Common Drug May Stop Malaria’s Spread
VOICE OF AMERICA
Scientists may have hit on a way to prevent the transmission of malaria with a drug originally developed to treat parasitic illnesses. The drug, whose creators were honored with a Nobel Prize, is called ivermectin, and it’s being tested in parts of Africa.
Ivermectin has completely revolutionized the treatment of worm diseases such as river blindness and elephantiasis and could lead to their eradication if it’s used effectively.
Now it appears ivermectin may be effective against the spread of malaria. Vector biologist Brian Foy of Colorado State University in the United States led a study in Burkina Faso that found a reduction in childhood malaria when the drug was given to adults in the region. The ongoing trial involves giving a single dose of ivermectin once every three weeks to the majority of people in four villages. Small children didn’t receive the drug, but the treatment blocked transmission of malaria in 16 percent of the children, the disease’s main victims.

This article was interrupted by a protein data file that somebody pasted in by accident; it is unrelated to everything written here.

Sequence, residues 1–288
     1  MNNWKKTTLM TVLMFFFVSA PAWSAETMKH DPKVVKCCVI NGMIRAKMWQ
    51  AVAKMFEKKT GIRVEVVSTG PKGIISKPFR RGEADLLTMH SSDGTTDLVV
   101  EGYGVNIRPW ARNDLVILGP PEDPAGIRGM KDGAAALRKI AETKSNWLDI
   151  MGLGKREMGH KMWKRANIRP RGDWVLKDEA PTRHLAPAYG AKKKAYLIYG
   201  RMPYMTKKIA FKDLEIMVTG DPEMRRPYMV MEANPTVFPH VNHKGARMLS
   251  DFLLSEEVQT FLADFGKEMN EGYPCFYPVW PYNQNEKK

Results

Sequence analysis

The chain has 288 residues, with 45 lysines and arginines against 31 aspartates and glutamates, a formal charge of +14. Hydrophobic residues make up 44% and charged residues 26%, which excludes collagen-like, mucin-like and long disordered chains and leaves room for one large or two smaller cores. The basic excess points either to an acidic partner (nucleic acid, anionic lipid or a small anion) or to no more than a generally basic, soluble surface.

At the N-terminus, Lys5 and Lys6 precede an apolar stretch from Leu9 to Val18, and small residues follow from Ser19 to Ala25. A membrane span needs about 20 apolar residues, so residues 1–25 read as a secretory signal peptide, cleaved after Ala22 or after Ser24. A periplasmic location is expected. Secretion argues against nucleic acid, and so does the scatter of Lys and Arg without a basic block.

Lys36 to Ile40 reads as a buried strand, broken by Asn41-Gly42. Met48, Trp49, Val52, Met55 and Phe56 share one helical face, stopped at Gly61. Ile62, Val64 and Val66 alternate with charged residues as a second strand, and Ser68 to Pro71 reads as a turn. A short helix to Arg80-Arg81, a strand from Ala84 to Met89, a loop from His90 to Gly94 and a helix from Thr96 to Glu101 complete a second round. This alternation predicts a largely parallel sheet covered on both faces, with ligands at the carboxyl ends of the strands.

Foy says ivermectin, even at low levels, is toxic to disease-carrying mosquitos. The drug’s unique action targets the mosquito, not the parasite that causes malaria. For this reason, researchers in the United States and Thailand believe ivermectin might help control transmission of a drug-resistant form of malaria in Southeast Asia.
For now, Foy is cautious about claiming that ivermectin holds the key to stopping malaria transmission. He says more studies are needed. Since the late 1980s, an estimated 1 billion doses of ivermectin have been distributed around the world.